The British Marxist historian Eric Hobsbawm died on October 1, aged ninety-five. I was at a conference in England at the time and was surprised by the local response. The Guardian devoted its entire front page to the news, with more conservative newspapers and commentators not far behind. The London Times gave him both an editorial and an obituary. The former described him as “a peerless social historian who transcended ideology”, while the obituary over two whole pages called him “a magisterial historian of the modern age whose nuanced Marxist views helped to reshape the political Left in Britain and beyond”. The obituary in the Financial Times ranked him “among the great historians of his time”. In the Guardian, conservative historian Niall Ferguson said despite Hobsbawm’s lifelong commitment to the Communist Party and his refusal to express remorse for the crimes of Joseph Stalin, he remained “a truly great historian” and a friend. In his blog for the English Spectator, leftist apostate Nick Cohen took the same line: while Hobsbawm supported some of the most monstrous regimes in human history, he was “a great historian with a sweeping vision and an ability to comprehend and communicate the vast movements in human history”. On the night he died, BBC television interrupted its program schedule to broadcast a one-hour tribute, which included favourable comments from television pundits Simon Schama and Melvyn Bragg.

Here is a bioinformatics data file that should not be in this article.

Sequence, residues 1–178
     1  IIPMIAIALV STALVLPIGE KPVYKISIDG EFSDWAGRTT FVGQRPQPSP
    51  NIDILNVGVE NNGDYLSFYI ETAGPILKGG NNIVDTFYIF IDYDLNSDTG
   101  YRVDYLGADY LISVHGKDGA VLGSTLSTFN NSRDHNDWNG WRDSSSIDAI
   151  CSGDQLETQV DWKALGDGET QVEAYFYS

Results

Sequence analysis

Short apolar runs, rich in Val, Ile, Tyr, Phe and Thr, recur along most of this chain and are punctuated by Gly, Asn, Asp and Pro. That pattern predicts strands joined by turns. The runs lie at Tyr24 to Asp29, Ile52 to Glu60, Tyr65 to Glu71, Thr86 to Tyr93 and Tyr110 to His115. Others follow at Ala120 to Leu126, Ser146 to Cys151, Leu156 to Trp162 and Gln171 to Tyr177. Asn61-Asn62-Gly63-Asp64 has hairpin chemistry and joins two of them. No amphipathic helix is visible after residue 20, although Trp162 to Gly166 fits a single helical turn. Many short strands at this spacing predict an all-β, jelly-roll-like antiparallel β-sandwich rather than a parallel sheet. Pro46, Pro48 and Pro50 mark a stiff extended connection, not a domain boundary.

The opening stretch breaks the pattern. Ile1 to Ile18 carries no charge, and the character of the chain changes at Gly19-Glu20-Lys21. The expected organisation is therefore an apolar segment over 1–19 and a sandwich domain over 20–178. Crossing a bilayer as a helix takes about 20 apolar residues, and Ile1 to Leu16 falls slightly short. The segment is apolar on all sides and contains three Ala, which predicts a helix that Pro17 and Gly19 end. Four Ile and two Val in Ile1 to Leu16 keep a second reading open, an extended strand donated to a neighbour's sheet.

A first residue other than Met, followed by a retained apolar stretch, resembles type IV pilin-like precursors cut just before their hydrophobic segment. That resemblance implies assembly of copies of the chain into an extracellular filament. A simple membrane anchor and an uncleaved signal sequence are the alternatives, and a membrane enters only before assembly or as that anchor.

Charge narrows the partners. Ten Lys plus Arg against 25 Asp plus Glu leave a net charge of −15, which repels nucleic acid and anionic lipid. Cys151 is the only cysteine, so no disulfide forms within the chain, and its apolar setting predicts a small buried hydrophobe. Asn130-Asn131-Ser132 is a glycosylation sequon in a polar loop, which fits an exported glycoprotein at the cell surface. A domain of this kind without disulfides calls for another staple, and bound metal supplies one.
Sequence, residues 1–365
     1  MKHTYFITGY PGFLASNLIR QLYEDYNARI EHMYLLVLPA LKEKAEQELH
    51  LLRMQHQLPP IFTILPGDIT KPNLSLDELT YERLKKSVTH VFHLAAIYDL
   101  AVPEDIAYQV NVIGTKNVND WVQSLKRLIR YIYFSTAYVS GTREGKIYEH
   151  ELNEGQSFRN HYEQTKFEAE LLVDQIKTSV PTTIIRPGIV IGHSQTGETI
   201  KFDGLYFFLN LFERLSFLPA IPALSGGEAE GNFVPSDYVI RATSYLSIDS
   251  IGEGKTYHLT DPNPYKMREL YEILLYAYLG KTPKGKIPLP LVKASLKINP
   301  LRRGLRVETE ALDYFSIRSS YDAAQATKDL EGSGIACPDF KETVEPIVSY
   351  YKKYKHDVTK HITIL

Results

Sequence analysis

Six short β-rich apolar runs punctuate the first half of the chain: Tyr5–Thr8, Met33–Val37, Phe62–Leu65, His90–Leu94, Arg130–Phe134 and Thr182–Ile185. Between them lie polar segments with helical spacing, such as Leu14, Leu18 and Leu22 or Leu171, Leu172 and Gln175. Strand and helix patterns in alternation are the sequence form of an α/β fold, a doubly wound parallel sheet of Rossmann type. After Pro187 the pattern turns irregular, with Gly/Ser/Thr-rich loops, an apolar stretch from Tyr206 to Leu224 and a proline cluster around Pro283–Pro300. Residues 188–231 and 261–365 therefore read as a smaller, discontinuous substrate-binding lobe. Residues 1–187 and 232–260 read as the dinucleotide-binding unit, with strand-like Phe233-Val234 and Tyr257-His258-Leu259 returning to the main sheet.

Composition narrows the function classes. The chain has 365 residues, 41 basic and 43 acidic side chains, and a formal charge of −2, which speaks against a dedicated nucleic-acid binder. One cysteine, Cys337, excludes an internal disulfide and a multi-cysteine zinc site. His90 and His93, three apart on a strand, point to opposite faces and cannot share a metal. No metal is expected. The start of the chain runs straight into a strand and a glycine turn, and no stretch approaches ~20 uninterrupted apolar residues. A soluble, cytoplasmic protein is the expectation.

Among the political figures who gave eulogies to the media were Tony Blair and Ed Miliband. Blair called Hobsbawm “a giant of progressive politics and history, someone who influenced a whole generation of political and academic leaders”. Opposition leader Miliband described him as “an extraordinary historian, a man passionate about his politics and a great friend of my family”.
This chorus had a few notable discords. In his Spectator blog, conservative journalist Douglas Murray wrote a satirical obituary for a fictional great historian who joined the Nazi Party in the 1930s but nonetheless gained numerous positions of seniority and influence in British academic and political life, despite the fact that he thought, as Hobsbawm admitted in an infamous interview with Michael Ignatieff in 1994, that the death of millions was a justifiable cost for his cause. In the Daily Mail, another conservative author, A.N. Wilson, made the same point. “Just imagine what would happen if some crazed Right-winger were to appear on the BBC and say that the Nazis had been justified in killing six million Jews in order to achieve their aims. We should be horrified, and consider that such a person should never be allowed to speak in public again.” Wilson observed that, apart from modifying his once hard-line support of Stalin’s death camps, Hobsbawm had never retracted his political views or Communist Party membership. Nor had he ever publicly regretted his 1939 co-authorship with his academic colleague Raymond Williams of a Communist pamphlet defending Joseph Stalin, Adolf Hitler, the Nazi-Soviet Non-aggression Pact and the Soviet invasion of Finland.